posted on Jun, 20 2005 @ 03:04 PM
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The proof has always been there, just not confessed to.
Just look at the number of cops there are on the road in the beginning and at the end of the month compared to the rest of the time. I swear, that in the 16 miles between my home and work, during the first and last weeks of the month, there are at least 6 patrol cars but the rest of the time, you would be lcuky to find one.



posted on Jun, 20 2005 @ 03:05 PM
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Originally posted by Crakeur
I think the quotas are designed to keep the cops working, not keep the public paying.


I'd have to say that's it's a bit of both, IMO.



posted on Jun, 20 2005 @ 03:14 PM
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Many local and state law enforcement agencies have quotas for tickets and things like that. There is a reason.....Funding!!!

If they can prove to the local/state government that they need more money to fight....let's say speeding or running redlights, then they can get that extra money.

However if there is not any proof to back up the request...then they do not get the funding.

I don't see anything wrong with quotas....as long as it does not put a burden on the officer because the quota may be unrealistic, like 20 in a small town, that's too much. As long as it's controlled and realistic then Im all for it. But all too often this quota system could be unrealistic.

Hell, I bet many of us have been lucky a few times......when we were speeding and passed a cop, he just might have already met his quota for that month


It can work for you and against you.



posted on Jun, 20 2005 @ 03:20 PM
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Originally posted by mpeake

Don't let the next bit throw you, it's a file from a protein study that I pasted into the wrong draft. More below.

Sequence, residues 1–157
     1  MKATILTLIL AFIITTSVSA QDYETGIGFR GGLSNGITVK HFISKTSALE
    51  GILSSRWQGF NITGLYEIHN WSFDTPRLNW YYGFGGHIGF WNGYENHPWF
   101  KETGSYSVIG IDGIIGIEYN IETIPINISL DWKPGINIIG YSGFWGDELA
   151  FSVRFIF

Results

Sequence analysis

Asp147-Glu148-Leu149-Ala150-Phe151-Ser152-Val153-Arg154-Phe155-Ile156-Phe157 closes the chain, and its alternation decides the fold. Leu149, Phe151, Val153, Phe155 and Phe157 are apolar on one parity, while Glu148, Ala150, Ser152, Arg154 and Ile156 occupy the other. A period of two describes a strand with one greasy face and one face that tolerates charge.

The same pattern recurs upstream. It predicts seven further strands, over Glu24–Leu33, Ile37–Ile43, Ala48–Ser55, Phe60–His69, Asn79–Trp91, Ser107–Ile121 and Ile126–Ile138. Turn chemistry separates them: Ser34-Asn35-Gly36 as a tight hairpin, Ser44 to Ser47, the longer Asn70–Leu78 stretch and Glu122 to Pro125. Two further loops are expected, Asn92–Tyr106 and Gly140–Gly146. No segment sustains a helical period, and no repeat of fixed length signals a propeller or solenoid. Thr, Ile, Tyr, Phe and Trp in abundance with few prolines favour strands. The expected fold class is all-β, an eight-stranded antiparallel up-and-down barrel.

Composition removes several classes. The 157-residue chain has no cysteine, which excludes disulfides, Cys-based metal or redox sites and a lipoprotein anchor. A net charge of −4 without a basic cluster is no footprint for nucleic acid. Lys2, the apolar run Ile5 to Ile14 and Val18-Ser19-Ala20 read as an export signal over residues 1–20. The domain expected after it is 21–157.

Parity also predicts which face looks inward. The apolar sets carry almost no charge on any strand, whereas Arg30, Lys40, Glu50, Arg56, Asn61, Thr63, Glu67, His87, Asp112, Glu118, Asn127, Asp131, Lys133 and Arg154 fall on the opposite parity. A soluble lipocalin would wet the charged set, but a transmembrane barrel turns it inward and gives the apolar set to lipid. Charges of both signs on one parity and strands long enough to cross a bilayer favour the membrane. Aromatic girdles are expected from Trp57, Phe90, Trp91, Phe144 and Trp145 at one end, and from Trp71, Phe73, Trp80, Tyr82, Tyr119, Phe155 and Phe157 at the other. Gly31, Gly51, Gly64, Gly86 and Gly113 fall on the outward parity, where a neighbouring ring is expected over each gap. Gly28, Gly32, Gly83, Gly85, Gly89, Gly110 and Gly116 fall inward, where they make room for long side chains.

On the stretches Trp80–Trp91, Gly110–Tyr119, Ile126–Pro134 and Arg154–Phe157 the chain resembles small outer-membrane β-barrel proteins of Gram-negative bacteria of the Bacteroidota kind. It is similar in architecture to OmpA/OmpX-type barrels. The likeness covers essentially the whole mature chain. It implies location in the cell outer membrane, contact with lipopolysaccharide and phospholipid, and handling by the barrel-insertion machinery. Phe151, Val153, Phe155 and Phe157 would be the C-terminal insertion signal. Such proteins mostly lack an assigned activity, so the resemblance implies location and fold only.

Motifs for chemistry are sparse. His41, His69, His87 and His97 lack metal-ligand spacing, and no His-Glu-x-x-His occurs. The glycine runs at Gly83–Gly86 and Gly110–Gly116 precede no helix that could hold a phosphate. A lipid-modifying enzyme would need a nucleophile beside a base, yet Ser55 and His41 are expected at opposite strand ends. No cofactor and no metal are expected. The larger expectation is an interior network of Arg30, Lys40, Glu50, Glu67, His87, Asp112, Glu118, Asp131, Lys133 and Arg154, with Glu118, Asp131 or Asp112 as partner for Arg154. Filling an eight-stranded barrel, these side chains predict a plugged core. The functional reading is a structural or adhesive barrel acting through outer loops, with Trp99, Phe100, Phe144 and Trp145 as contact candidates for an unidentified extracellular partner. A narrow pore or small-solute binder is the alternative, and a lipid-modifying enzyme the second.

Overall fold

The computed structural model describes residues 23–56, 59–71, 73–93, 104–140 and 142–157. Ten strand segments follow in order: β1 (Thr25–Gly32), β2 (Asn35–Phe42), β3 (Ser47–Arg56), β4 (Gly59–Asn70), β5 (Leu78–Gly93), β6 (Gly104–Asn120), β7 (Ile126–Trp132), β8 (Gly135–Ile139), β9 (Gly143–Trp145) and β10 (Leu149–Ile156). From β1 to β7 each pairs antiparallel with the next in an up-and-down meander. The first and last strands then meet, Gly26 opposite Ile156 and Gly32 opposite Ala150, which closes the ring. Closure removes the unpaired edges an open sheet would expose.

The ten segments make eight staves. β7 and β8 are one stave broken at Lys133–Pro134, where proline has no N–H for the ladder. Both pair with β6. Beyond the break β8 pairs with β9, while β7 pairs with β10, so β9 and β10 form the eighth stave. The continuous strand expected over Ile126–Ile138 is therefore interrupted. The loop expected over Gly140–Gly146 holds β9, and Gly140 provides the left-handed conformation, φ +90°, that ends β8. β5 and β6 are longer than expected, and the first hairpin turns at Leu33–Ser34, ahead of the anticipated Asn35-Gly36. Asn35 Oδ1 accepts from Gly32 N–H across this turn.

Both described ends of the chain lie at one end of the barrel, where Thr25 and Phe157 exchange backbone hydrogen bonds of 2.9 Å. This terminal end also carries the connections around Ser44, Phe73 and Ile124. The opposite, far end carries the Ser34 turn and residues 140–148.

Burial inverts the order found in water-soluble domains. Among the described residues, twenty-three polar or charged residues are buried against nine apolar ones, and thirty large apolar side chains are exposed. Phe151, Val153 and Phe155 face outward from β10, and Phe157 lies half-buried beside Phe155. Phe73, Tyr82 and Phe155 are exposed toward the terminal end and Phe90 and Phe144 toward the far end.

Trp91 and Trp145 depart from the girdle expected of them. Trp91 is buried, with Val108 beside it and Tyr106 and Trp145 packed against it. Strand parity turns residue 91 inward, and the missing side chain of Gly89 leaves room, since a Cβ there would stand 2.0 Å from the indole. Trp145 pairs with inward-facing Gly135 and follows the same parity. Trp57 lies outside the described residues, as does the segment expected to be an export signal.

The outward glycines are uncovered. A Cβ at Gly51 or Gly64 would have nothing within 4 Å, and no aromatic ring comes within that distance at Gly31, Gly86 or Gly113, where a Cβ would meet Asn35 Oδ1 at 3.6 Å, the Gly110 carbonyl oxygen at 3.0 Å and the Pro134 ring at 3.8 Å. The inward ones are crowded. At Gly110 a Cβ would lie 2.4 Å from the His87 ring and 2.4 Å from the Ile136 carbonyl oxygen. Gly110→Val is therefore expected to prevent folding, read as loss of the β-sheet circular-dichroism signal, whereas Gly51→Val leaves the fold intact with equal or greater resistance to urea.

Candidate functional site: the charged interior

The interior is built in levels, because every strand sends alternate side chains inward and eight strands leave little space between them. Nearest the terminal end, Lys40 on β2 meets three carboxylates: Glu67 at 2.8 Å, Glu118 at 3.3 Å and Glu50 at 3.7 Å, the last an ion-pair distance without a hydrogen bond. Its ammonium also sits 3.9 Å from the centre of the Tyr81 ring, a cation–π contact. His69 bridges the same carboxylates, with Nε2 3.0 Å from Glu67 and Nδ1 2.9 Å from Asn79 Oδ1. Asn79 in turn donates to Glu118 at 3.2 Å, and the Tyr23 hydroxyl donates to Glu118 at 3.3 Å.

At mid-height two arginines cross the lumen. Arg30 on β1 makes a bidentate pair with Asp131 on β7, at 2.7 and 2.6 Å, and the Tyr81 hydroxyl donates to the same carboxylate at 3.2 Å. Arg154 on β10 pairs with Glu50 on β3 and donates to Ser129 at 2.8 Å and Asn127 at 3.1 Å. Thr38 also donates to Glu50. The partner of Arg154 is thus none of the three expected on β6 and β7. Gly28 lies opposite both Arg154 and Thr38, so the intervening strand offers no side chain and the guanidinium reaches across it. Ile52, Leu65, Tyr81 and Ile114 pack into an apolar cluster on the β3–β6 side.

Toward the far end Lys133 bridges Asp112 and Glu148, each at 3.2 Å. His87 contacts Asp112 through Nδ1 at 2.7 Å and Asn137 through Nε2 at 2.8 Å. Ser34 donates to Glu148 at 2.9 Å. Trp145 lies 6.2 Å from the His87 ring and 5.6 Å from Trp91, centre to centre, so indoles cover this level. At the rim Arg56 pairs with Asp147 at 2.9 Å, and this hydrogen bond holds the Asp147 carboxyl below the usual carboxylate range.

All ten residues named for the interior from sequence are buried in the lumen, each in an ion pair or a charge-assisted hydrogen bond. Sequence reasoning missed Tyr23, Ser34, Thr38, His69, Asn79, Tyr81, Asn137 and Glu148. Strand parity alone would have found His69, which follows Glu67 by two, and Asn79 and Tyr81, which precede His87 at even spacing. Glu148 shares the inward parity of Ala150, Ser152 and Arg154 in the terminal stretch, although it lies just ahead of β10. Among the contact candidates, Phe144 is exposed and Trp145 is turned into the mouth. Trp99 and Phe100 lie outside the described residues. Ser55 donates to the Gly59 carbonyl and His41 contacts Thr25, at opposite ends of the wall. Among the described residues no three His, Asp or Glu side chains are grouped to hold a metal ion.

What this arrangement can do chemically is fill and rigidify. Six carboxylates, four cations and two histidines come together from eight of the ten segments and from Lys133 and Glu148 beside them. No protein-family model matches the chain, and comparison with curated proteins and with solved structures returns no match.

Originally posted by Crakeur
I think the quotas are designed to keep the cops working, not keep the public paying.


I'd have to say that's it's a bit of both, IMO.


obviously the public pays when more tickets are written but I think that the quotas were put in place solely to keep the cops from sleeping on the job. Without them, the traffic cops would sit in their brown cars or stand on the corner sleeping. They suck at their job to begin with, the lack of these quotas would make them completely useless, unless you want to include directing traffic poorly, which they seem to do with much panache.



posted on Jun, 20 2005 @ 03:36 PM
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In previous history the NYPD has always denied a quota system "on the record" even to their own cadets in the Police Academy. Over the years the practice slowly but surely came to light, but still unofficially. As recently as a year ago it had become public knowledge among most in the political arenas in NYC that there was a sort of performance system in place in which those who weren't producing enough would have issues.

The problem with quotas is multifaceted. First and foremost, it leads to a lax attitude for much of the reporting period, and a vast sometimes noticeable pickup towards the end of the period. Second, it leads to the issuing of summonses in a hurry that do not hold up in court. It does not look good for an officer to issue 40 tickets on the last day of the month and have 36 of them beaten in court.

Those two issues were not made up by me though. They're directly from the mouths of Public Information officers and used to deny the quota charges. Funny thing about them is that they're absolutely right. Poor practice...